Given that kids are supposed to have memorised a thousand of them by the time they’re 13 years old, and she’s the Queen of the World, this is naturally a huge shock to the other characters, and it’s no wonder that Usagi is this embarrassed when it’s revealed:

It’s not as though NQS didn’t have the opportunity to use kanji, either; there are several words there that utilise joyo kanji. Ami points out that you can see where she tried to write kanji, but got them wrong and erased it; Artemis asks why she didn’t just check a dictionary and Rei says it’s probably because NQS thought it would be too much of a pain in the ass. It’s almost unthinkable that someone in a position like Neo Queen Serenity wouldn’t use kanji that are considered “common use”, which is exactly why it’s so funny (and in-character).

It obviously doesn’t translate 100%, but it’s really not impossible. Here are some similar scenarios using English;

  • The letter has no punctuation or capitalisation and is just one long run-on sentence
  • The letter is full of basic spelling mistakes, and/or only utilises very easy-to-spell words, because she forgot how to spell longer ones so she just swapped them out for simpler alternatives
  • The letter is full of text-speak/abbreviations, like “thx” and “pls” (note that NQS full-on drew a love heart in the letter so you could throw in some emojis too)
  • A little more exaggerated, but only a little; the letter is written in crayon

Interestingly, even though the characters in the 21st century made fun of her for it, just 20 years later it actually doesn’t seem unreasonable that Neo Queen Serenity wouldn’t remember many kanji. Japanese people forgetting how to write kanji is actually a documented problem due to the rise of smart phones, computers and tablets, which automatically suggest any possible kanji for the words you type. [1] [2] [3]
I can only imagine how different the world would be in the 30th century, and how much more prevalent technology would be in writing & reading. Obviously people aren’t quite at NQS’s level yet, but it’s not hard to imagine a future where hand-writing kanji without any digital assistance is so antiquated and referencing a dictionary so laborious that she would find it genuinely more convenient to write it all in kana. This theory seems to be strengthened by Usagi’s reaction; while she isn’t the best student, she probably does remember quite a few joyo kanji at her current age, so she seems mortified at the suggestion that she’s even worse at it as an adult. Just another way Sailor Moon is ahead of the curve, I guess~!

Edit: I just realised that I made a glaring error and said NQS had used both hiragana and romaji in her letter. What I meant to say was hiragana and katakana. Katakana is a Japanese script, but “romaji” is the word used to refer to the English alphabet in Japanese. Technically NQS did use romaji (you can see she wrote the English letter “Q” in her signature in place of the word “queen”) but this was not the point I meant to make. Hopefully that wasn’t too confusing!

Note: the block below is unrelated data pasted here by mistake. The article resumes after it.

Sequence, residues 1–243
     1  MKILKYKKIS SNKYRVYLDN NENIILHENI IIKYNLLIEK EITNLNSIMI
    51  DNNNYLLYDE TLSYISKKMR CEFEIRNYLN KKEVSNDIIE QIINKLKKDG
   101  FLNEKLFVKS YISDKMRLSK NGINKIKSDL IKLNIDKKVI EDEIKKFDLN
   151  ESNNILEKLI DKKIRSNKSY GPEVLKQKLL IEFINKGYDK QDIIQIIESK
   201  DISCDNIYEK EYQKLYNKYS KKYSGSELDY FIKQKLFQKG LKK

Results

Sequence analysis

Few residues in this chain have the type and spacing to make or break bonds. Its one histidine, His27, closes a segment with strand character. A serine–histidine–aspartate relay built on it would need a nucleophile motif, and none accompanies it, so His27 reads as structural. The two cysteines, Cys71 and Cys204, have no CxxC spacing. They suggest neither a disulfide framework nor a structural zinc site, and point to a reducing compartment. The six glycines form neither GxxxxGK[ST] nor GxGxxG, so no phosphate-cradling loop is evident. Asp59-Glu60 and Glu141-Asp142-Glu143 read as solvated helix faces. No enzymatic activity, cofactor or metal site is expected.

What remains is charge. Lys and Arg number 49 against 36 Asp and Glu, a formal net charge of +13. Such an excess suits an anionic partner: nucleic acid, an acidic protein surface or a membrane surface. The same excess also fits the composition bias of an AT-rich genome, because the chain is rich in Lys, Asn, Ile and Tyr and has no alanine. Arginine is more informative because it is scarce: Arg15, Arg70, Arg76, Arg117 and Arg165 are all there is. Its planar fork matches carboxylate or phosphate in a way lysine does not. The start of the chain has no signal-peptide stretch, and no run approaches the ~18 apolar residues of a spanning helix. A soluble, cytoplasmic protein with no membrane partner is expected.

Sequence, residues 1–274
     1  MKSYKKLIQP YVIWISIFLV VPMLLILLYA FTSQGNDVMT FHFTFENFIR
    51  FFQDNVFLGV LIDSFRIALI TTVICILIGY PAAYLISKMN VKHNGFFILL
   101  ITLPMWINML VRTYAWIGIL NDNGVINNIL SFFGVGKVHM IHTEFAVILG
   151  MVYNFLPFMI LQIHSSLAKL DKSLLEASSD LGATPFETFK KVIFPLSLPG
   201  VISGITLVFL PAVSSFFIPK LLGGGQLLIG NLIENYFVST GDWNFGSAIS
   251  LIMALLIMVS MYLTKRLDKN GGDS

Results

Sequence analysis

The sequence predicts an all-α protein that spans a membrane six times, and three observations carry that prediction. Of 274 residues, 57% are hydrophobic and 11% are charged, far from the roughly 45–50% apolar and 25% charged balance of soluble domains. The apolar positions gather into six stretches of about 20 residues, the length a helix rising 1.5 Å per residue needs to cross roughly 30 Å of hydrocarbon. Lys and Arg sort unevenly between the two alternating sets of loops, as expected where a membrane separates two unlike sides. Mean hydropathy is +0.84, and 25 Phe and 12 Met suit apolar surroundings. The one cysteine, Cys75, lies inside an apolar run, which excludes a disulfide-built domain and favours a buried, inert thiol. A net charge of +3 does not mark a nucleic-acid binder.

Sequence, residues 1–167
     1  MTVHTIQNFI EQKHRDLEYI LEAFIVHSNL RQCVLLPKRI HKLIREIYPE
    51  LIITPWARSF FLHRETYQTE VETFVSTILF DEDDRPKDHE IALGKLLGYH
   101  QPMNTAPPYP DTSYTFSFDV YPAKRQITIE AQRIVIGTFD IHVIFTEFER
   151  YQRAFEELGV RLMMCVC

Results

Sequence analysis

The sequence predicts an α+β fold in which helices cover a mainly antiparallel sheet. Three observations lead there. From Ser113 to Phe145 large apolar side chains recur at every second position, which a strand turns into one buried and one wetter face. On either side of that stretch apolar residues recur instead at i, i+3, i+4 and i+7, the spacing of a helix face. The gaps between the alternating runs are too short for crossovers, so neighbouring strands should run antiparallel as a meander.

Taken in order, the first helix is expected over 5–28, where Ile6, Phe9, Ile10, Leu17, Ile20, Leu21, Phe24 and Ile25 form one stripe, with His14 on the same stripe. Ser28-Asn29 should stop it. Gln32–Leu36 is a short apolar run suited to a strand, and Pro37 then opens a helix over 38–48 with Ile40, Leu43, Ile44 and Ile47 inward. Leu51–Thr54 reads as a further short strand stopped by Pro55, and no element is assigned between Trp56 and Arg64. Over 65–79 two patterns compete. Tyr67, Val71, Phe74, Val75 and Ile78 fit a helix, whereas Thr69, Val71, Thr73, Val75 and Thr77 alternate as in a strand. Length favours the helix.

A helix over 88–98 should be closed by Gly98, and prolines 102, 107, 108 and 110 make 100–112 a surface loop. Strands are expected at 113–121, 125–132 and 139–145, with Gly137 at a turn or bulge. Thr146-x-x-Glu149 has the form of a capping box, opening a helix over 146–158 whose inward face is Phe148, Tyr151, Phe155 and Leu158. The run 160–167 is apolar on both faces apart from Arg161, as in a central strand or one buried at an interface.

time

過去 (kako) - the past
昨年 (sakunen) - last year
先月 (sengetsu) - last month
先週 (senshuu) - last week
昨日 (kinou) - yesterday
今年 (kotoshi) - this year
今月 (kongetsu) - this month
今週 (konshuu) - this week
今日 (kyou) - today
今 (ima) - now
現在 (genzai) - the present
明日 (ashita) - tomorrow
来週 (raishuu) - next week
来月 (raigetsu) - next month
来年 (rainen) - next year
未来 (mirai) - the future

71/100 | Saturday 23 January 2016

  • Furbaby walk and jog first thing.
  • Gym session.
  • Worked a bit from home on upcoming website mods.
  • Japanese revision and kanji practice for upcoming semester.
  • Dinner with a friend.

Clockwise: Maruman Mnemosyne Word Book (Kinokuniya stationery usually has Maruman in-store, but doesn’t sell these online). All other items, please see other posts in January or feel free to ask. :)

5

Recurrent Net Dreams Up Fake Chinese Characters

Experiment by hardmaru uses neural network analysis to generate completely new Kanji characters:

 … I think a more interesting task is to generate data, which I view as an extension to classifying data.  Like how being able to write a Chinese character demonstrate more understanding than merely knowing how to read that character, I think being able to generate content is also key to understanding that content.  Being able generate a picture of a 22 year old attractive lady is much more impressive than merely being able to estimate that the this woman is likely around 22 years of age.

An example of a generative task is the translation machines developed to translate English into another language in real time.   Generative art and music has been increasingly popular.  Recently, there has been work on using techniques such as generative adversarial networks (GANs) to generate bitmap pictures of fake images that look like real ones, like fake cats, fake faces, fake bedrooms and even fake anime characters, and to me, those problems are a lot more exciting to work on, and a natural extension to classification problems.